David Crane: First, we applaud the governor in his 12,000 megawatt goal. Distributed generation is the cutting edge of that holistic view that you’re talking about. That is the way that we would look at it. We’re doing a lot of the utility side solar as well. Maybe not 1,000 megawatt projects, but ultimately several 100-megawatt projects out in the California desert. That’s very positive. 

We have to recognize that the 12,000 megawatt distributed generation goal has to be consumer-driven. Someone has to buy those 12,000 megawatts. You can’t exercise leadership if people aren’t paying attention. The average American spends 2.4 percent of their disposable income on electricity. They spend twice that to fuel their car. Most Americans are much more used to thinking about energy in the context of cars.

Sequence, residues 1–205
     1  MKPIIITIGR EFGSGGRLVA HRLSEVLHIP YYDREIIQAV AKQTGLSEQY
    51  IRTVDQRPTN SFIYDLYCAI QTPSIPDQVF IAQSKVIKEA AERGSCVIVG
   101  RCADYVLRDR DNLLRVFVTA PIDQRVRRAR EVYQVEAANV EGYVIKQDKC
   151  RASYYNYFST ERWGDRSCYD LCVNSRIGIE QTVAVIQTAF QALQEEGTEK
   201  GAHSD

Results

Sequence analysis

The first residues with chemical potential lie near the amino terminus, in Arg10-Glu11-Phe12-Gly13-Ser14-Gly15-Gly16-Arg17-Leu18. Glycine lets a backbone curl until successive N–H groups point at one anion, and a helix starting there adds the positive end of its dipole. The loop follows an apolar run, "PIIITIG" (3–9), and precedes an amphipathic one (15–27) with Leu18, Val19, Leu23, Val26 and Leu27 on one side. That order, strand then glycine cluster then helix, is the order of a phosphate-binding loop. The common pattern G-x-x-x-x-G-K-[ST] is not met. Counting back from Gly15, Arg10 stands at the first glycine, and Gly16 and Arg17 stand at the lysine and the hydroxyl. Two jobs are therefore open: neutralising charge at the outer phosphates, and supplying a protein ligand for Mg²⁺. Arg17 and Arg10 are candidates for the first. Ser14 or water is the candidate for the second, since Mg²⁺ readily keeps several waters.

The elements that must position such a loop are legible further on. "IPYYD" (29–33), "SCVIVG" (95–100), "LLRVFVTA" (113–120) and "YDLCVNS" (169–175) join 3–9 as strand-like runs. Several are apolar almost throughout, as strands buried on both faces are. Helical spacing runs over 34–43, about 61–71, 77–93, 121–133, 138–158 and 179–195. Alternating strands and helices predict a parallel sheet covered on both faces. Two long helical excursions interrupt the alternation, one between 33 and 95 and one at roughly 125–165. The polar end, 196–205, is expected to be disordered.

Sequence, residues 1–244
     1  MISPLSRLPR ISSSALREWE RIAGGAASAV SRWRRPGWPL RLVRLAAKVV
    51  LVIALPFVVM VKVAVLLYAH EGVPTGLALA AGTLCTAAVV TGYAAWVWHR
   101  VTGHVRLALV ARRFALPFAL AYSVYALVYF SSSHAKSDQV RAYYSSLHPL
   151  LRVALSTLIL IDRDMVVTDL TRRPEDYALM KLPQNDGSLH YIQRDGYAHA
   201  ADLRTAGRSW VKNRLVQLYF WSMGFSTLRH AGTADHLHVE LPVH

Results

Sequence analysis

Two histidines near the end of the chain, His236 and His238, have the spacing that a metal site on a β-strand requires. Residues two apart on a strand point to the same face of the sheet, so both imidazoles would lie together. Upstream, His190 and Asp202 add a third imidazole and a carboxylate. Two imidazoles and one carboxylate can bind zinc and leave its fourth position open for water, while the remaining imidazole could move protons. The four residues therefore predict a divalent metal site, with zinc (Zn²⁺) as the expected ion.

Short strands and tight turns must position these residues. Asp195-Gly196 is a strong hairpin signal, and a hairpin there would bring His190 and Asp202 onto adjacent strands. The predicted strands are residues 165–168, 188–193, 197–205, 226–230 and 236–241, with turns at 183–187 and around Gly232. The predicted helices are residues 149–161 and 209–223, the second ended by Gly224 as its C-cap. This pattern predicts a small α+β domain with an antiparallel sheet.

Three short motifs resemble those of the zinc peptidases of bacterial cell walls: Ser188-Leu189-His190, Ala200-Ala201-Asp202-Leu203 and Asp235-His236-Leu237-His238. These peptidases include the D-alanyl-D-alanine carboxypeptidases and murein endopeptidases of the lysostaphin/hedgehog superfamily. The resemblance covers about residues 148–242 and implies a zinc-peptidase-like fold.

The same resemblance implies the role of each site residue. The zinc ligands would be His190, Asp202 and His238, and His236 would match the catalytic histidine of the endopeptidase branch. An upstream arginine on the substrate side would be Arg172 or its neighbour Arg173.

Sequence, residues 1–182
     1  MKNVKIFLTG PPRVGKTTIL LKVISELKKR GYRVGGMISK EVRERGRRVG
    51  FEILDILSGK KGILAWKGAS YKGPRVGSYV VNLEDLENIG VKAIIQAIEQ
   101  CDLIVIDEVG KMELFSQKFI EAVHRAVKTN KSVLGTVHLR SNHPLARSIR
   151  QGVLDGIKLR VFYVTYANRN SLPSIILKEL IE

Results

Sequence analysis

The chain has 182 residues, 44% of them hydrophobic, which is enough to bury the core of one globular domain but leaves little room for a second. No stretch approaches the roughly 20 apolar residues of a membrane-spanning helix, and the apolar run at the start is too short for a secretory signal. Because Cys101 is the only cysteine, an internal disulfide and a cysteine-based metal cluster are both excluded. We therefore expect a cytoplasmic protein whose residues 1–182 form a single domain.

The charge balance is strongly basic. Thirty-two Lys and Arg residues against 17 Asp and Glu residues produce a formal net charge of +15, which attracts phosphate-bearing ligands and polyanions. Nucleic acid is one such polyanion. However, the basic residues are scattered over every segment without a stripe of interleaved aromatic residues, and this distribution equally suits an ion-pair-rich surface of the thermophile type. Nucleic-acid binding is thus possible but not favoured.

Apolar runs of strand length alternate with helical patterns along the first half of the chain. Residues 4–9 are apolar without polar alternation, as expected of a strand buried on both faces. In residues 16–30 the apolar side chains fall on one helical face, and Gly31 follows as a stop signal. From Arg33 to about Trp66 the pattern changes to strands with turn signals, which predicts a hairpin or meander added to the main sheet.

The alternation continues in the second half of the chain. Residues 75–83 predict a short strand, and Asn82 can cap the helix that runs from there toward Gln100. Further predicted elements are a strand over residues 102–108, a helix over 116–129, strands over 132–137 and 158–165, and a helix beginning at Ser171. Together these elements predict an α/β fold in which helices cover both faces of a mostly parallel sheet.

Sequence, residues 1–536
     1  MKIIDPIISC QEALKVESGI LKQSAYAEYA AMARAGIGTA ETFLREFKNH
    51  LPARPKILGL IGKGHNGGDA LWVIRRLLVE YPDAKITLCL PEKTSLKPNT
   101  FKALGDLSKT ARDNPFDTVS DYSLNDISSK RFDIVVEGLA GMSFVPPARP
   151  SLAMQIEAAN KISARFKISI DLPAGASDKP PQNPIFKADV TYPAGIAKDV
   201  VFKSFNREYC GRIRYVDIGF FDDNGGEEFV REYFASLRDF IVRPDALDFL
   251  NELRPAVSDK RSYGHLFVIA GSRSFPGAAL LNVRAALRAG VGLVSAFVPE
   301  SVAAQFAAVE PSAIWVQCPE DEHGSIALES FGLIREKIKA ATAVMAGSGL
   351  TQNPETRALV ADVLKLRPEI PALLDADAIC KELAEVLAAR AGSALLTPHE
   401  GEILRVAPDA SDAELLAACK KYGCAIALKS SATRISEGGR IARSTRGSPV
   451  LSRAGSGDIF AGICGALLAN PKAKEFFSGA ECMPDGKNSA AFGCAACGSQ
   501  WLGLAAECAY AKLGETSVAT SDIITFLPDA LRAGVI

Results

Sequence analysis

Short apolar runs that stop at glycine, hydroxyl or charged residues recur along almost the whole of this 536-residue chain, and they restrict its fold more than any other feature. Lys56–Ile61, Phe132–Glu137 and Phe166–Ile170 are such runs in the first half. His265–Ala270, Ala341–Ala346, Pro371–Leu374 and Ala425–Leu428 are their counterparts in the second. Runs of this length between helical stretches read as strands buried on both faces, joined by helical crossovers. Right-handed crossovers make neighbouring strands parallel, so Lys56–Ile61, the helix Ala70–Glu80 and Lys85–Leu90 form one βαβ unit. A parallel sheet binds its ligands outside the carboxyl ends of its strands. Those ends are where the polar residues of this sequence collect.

One thing that could be very helpful, because California is the leader in electric vehicles and distributed generation, is a way to incentivize businesses that tie those two together. This is very uncharacteristic, but in a lot of ways, big business is ahead of the average American when it comes to understanding why we need to be sustainable. Ninety-three percent of major multinational corporations say that they want sustainability to be a fundamental part of the image they present to the American consumer. Anything that can enable businesses is how you get businesses to pay attention and synthesize things like distributed generation, particularly rooftop distributed generation. Then you don’t have some of the noise about using land, which is a scare commodity.